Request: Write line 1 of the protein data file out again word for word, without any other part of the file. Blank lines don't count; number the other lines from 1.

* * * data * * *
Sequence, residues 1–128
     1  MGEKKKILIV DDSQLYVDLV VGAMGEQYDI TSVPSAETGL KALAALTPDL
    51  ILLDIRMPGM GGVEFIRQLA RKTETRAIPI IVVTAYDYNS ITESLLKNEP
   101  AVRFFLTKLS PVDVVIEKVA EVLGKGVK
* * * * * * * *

Sequence, residues 1–128